"We have plans for continued expansion, both in attractions and ultimately hotels, but we haven't made any specific announcements about that yet. But we still fell great about that market for our theme park business."Tweet
Well it is the best and most successful theme park/resort model in the history of the planet so ... No surprise, I guess.
Is this the first full year the cruise ship numbers are included with the theme park numbers?
The thing that stuck out to me was how he really downplays anything negative.
-a slight reduction in consumer confidence.
-an impact on the business somewhat.
-somewhat of a downtown.
-we saw some softness in tourism.
-(speaking of attendance at DHS)...which has lagged a bit.
As for the dig at California Adventure, I think that's only if you take him to mean "The Disneyland Resort" and not the Disneyland park. It is the biggest thing to happen at Disneyland park since it opened. Otherwise, I think he might have mentioned Cars Land as the last huge thing to happen there.
To answer OT's question, nope, Disney Cruise Lines has always been part of Disney's theme park division. While Disney Parks & Resorts now added "Experiences" to its moniker, it still includes all of the theme park destinations (Except for Oriental Land Company's Tokyo Disney Resort, which isn't owned by the Walt Disney Company), the Disney Cruise Line, Disney Vacation Club and Adventures by Disney and the Walt Disney Travel Company.
Disney's attendance and revenue increase was brought to you by the "strong" debt-based US economy that is currently raging. Smoke and mirrors and credit cards and equity loans. Record low unemployment, yet household debt is at an all-time high. It is complete madness. If the economy is really as strong as is being portrayed, household debt would be going down. Economic fundamentals have been abandoned to feed the beast for a few crumbs. Wait, I've seen this story before and it doesn't end well.
/\ Good point, but we saw during the last recession Disney does fine during recessions (not saying they didn't take a hit, but Disney and theme parks in general took much less of a hit than most other sectors of the economy).
They made money like they always do of course.How about giving us consumers a break.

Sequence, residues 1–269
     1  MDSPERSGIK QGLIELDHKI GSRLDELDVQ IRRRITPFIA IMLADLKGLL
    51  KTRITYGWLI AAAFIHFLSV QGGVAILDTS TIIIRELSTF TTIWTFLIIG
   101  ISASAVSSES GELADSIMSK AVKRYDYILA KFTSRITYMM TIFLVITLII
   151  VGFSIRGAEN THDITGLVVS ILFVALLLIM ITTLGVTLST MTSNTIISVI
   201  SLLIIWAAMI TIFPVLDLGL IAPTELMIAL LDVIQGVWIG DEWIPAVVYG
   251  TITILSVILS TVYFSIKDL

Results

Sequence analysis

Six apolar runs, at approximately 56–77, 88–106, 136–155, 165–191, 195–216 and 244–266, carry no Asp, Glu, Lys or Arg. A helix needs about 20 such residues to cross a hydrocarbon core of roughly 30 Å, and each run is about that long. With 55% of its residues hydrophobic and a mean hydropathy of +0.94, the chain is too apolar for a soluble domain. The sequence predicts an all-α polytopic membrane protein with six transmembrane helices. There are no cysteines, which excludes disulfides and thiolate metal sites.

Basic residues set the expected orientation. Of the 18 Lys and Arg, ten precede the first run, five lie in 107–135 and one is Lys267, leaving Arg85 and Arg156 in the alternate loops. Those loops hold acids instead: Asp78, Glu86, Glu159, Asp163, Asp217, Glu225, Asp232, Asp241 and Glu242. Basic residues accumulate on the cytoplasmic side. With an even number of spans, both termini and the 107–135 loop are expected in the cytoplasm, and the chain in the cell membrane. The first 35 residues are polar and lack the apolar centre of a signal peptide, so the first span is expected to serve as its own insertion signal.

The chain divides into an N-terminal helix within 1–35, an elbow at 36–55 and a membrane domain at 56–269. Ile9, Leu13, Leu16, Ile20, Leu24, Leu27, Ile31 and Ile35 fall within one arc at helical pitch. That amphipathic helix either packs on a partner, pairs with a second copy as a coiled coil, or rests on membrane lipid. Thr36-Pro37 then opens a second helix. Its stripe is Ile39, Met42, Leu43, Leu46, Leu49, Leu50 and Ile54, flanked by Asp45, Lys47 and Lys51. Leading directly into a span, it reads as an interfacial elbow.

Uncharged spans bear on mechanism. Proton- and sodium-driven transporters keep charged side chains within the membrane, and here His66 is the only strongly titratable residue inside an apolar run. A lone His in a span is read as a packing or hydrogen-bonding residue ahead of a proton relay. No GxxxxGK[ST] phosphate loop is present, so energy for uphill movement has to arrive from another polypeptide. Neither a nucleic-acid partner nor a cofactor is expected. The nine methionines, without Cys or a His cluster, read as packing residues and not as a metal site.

For example stop raising their prices every so many months, seems Disney creeps their prices on everything every year. Maybe not all at once but if you follow different websites you see this month food goes up, now charge for resort parking this month, oh wait general parking increased, hotel rooms etc.etc. it's getting monotonous Disney is not losing any profits at all in my opinion. Give the consumer who wants to go but cant afford to a break.
Reducing Prices = Increasing Wait Times at Attractions.
Prices go up and attendance goes up - this is amazing!
And the most amazing thing of all is that Disney is rapidly becoming a recession-proof company by focusing on the upper middle class and the upper class who will have the resources to still travel and spend money during an economic downturn. The way they are structuring their products and offerings, it might even be possible for Disney to have an attendance and revenue increase during a recession as people look for an escape from the negativity of everyday life.
We hear about lifestyle brands all of the time, but I think Disney has become THE lifestyle brand for millions of people worldwide.
I don't like price increases as much as the next guy, but TH is correct: if the parks were any cheaper, they'd be even more hectic.
@TH and James
Reducing admission cost might increase attendance/lines, but that doesnt necessarily pertain to the cost of food/drinks etc inside the park.
I just got back from another (26th) 8 day vacation to Disney World. It was far more crowded than ever before. It included the last 5 days of the Food and Wine Festival. The Food and Wine Festival was nothing more than a way to get more people in,m and charge a lot for the small portions.
Food prices are not only high, but a Hot Dog, French Fries cost $14.99 (plus tax). The Hot dog was horrible. It was like biting into shoe leather.
The rides and shows were very crowded. The WiFi was very slow! Accessing the fast passes didn't always work.
OK, Prices go up, attendance goes up, and service goes down. Another Disney Success.
I'm still a Disney fan. I go back again in January.
This article has been archived and is no longer accepting comments.
Studios were forced to give up ownership of their own theatres in the Hollywood Antitrust Case of 1948, how then are the studios now allowed to distribute their own content by owning their own streaming services?